View Single Post
Old January 27th 13, 11:21 AM posted to
external usenet poster
Posts: 46
Default from latest news letter on vulcan, hope it is of intrest to some of you if you dont get the news letter

Regular readers will know XH558 is due a major and expensive structural
modification at the end of the 2013 display season if we are to have the
opportunity to fly the aircraft beyond this year. Apart from the obvious
high financial cost, the work is not without some element of risk, partly
because it requires work on a critical part of XH558's structure, but also
because required tooling and jigs are no longer available, and the
manufacturing techniques specified in the drawings are no longer used!

Read our 'End of Flight' document on the challenges here

Today, we can let you know that we have held several meetings with various
parties to discuss XH558's airframe life challenges and are delighted to
announce we have contracted Cranfield Aerospace, a well-respected company at
the heart of modern design and manufacturing techniques in the aviation
world, to begin detailed measurement, analysis and planning for how we might
best tackle the strengthening of XH558's wing leading edges in accordance
with the modification's specification using current techniques.

Find out about Cranfield Aerospace here

Their impressive provenance includes supporting the Battle of Britain
Memorial Flight and in providing support services for both the UK's Army
Historic Flight and Navy Historic Flight.

Stephen Rutherford, Cranfield's technical lead on historic aircraft

"Unlocking more flying hours for XH558 is a very challenging task. It's
early days, but this is the first step in one of the most important parts of
the jigsaw. Cranfield has very specialist expertise - possibly amongst the
best available anywhere in this field - and we are thrilled to be able to
apply it to such an important aircraft."

To this end, some visitors to the hangar would have already perhaps noticed
that paint has been removed from the key area on each wing, to enable
high-tech scanning to take place. This will very accurately map out the
external structure of wing, to build up a computer generated 3D model to be
used for analysis and detailed design of the required strengthening plate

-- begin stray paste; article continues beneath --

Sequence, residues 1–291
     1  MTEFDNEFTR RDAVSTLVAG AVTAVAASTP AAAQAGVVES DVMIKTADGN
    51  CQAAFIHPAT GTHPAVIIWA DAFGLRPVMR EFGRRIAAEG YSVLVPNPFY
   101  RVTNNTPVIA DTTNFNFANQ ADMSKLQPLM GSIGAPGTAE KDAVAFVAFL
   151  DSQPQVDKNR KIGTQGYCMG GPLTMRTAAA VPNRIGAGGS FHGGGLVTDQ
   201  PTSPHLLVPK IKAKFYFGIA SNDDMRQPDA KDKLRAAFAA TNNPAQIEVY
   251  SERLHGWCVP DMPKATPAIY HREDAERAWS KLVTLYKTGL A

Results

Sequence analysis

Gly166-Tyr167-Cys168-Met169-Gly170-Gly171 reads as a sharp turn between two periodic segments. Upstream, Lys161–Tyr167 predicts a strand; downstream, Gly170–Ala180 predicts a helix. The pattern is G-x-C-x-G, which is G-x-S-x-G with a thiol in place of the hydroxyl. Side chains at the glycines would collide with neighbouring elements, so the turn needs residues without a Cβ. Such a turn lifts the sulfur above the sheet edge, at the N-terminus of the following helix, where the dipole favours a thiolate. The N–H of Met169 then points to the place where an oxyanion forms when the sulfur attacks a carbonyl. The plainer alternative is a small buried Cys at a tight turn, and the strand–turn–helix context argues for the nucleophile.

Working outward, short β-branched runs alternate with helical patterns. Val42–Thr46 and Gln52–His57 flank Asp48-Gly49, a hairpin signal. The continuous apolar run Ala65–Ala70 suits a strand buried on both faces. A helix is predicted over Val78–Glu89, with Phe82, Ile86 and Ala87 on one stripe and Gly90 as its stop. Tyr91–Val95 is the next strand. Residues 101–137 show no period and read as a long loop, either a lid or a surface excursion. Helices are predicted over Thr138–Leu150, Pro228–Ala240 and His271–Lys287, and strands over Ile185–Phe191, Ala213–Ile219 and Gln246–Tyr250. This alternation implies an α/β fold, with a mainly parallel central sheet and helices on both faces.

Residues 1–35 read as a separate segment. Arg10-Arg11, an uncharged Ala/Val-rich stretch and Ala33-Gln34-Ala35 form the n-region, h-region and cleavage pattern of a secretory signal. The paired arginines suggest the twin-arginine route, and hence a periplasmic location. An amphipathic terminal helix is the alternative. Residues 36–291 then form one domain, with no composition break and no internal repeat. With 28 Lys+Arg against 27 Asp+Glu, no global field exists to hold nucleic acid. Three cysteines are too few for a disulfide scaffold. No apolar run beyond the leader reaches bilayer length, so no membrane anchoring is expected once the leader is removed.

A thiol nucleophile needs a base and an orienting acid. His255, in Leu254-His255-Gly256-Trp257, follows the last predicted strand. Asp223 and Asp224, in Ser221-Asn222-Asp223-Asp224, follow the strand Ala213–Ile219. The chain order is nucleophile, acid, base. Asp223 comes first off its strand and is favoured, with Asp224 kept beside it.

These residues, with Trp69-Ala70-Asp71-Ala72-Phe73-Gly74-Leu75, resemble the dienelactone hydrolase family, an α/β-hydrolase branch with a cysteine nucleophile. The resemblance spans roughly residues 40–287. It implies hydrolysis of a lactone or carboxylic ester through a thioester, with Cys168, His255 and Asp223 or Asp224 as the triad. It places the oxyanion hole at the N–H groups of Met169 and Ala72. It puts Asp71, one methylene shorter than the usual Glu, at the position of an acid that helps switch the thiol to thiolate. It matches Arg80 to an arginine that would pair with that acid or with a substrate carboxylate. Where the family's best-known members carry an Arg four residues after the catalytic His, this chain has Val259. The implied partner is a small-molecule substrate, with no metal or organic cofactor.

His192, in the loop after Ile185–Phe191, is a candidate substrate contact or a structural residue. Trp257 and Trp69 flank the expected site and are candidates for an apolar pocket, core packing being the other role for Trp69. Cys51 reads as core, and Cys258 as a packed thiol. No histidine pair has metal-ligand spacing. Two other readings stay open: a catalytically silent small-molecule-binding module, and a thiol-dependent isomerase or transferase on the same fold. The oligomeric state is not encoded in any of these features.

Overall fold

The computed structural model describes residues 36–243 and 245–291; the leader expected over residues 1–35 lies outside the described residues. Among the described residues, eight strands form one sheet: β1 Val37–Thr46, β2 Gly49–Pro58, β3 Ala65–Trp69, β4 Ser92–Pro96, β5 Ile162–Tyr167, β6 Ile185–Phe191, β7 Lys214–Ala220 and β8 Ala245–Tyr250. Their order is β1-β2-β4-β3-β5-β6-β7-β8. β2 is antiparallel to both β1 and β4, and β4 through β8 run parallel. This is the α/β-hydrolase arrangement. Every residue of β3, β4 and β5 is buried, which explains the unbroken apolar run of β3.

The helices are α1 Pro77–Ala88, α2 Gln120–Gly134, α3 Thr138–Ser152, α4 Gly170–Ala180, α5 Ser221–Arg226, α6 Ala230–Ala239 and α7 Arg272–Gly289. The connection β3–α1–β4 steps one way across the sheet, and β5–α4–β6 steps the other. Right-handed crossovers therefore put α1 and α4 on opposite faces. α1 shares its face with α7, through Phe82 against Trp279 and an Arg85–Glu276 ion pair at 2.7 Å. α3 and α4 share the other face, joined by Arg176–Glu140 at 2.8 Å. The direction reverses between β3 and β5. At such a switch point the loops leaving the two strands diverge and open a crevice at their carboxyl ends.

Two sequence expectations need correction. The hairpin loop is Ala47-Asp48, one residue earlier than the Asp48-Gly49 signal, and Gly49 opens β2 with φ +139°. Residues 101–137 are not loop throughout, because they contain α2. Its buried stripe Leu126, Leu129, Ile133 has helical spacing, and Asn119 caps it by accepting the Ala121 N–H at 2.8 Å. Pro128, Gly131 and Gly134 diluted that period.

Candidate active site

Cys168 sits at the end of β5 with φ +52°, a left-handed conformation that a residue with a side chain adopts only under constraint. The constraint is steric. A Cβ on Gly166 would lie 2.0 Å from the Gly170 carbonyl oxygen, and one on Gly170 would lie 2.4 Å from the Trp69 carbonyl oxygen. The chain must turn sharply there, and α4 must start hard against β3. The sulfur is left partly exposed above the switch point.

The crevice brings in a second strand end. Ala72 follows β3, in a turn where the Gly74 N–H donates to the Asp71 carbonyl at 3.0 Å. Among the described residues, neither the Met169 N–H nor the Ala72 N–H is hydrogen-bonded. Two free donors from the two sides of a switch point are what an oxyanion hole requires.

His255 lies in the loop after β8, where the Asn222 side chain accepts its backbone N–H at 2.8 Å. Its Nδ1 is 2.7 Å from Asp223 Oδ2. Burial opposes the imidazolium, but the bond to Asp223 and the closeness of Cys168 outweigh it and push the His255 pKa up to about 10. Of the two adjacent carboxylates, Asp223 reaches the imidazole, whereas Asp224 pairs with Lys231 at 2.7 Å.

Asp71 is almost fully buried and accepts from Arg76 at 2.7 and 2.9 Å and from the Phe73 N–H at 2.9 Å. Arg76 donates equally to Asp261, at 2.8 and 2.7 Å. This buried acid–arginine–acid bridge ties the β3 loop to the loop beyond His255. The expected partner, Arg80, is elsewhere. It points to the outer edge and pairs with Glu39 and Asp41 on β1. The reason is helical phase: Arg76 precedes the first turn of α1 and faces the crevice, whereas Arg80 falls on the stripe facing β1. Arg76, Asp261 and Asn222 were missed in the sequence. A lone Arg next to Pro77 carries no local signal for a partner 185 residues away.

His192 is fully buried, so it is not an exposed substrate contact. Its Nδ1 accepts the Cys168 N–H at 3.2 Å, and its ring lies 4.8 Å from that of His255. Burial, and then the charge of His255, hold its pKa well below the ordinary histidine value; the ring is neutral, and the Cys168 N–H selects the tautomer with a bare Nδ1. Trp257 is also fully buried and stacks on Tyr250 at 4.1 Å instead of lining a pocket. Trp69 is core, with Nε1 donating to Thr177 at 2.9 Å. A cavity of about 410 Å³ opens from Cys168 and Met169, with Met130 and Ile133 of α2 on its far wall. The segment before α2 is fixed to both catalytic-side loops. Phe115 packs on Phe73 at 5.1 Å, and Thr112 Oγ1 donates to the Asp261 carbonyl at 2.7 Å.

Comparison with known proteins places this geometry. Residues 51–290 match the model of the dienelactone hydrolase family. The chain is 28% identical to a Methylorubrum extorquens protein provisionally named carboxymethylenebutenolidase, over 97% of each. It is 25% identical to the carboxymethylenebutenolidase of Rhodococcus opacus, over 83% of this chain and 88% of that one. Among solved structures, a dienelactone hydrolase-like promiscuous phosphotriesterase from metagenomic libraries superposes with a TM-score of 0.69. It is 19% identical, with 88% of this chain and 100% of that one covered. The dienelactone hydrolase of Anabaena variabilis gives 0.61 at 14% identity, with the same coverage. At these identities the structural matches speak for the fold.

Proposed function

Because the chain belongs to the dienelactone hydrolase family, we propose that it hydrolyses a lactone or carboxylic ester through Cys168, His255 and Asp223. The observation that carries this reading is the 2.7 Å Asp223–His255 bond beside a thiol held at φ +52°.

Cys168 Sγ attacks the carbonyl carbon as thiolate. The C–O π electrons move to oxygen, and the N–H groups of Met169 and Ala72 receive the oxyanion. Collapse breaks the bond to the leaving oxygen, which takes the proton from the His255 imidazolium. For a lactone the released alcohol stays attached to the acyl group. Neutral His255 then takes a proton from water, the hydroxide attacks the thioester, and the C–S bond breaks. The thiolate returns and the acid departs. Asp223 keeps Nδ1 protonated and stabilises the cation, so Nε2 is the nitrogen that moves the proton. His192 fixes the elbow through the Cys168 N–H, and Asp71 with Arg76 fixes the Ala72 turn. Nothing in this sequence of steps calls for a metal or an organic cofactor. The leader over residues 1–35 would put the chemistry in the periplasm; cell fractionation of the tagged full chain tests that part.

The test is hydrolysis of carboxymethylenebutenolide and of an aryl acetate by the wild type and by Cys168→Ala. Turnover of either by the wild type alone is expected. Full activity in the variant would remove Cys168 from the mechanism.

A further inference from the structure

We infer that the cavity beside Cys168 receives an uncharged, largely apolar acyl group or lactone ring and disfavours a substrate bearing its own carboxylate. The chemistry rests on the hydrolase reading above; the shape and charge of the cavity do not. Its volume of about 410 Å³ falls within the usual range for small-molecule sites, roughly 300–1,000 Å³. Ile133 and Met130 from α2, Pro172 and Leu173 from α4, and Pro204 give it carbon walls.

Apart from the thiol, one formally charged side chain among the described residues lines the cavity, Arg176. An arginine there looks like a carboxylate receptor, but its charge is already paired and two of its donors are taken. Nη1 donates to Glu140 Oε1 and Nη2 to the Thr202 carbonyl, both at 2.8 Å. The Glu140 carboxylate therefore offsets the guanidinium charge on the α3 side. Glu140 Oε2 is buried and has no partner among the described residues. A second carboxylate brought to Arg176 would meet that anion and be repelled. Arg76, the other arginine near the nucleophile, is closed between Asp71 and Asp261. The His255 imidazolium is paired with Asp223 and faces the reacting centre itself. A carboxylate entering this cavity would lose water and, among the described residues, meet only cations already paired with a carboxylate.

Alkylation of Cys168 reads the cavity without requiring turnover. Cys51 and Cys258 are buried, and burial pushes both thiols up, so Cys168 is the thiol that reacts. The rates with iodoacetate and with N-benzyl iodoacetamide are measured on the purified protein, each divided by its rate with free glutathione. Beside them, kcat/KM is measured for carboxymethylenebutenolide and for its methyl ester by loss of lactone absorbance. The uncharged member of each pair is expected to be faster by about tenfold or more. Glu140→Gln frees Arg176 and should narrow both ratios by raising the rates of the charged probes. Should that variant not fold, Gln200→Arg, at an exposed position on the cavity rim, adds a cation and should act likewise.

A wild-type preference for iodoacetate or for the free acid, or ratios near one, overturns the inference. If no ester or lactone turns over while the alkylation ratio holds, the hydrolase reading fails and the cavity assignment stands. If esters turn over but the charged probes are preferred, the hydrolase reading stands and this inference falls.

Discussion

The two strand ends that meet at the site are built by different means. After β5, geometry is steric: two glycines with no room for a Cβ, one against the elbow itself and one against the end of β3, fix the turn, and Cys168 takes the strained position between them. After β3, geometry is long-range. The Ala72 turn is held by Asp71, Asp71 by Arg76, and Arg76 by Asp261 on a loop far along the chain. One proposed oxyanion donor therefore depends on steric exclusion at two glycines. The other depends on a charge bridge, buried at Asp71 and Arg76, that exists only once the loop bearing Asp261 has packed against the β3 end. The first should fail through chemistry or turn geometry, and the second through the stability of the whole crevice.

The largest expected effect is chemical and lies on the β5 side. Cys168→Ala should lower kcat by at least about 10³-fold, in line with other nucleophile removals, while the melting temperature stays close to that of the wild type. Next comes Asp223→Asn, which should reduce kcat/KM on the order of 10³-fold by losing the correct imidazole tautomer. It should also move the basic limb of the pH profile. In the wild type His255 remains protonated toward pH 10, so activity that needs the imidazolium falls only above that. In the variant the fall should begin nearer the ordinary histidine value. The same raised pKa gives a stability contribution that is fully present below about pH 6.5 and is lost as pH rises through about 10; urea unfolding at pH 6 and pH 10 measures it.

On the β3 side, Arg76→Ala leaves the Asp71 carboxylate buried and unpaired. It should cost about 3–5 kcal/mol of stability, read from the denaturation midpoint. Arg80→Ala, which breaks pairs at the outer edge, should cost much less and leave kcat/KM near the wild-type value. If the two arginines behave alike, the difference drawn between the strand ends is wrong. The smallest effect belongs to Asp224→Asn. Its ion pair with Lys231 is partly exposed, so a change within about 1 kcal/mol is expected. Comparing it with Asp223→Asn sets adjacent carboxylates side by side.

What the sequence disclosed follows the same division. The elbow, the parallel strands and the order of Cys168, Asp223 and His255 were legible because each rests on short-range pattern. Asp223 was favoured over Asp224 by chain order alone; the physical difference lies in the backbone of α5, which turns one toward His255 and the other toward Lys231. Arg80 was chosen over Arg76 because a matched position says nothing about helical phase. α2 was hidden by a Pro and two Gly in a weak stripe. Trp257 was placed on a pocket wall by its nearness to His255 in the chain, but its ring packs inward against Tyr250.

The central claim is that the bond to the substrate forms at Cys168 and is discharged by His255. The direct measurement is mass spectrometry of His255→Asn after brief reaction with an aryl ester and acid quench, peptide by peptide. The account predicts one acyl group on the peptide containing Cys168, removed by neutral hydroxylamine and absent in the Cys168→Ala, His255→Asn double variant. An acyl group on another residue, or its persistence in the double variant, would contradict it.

that we can put forward as a firm proposal to our engineering authority,
Marshall Aerospace.

Vulcan aircraft were hand-assembled on large frame jigs. No two aircraft
were exactly the same, so it's important when embodying the modification,
that we have all the data pertinent to XH558 correct as there will be no
second chance. Once one wing is digitised, we also have to measure the other
side, which although looking like a mirror image, we know has minor
differences in for example, the positioning of rivets.

The work that we have now commissioned is the first stage of four in
embodying the required fatigue life extension modification on XH558. The
stages a

1/ Research, planning and costing
2/ Design and approval
3/ Manufacture
4/ Installation

Very soon, we will have full costings for the work in Stage 1, and it is our
plan to ask for your support in funding this work by issuing shares for each
stage of the project. We will be updating you very soon and releasing this
share issue next week to help cover the costs.

It is essential that we begin early enough to ensure that the modification,
if it proves feasible, could be installed during the winter of 2013/4.
Cranfield Aerospace engineers will therefore be arriving at the hangar next
week to begin the measurement process and we will obviously keep you fully
updated as their work continues.

Please do remember that given the technical risks involved, we are as yet
unable to confirm that the modification is feasible, but the work we are
starting is firm evidence of our commitment to keep XH558 flying for as long
as possible.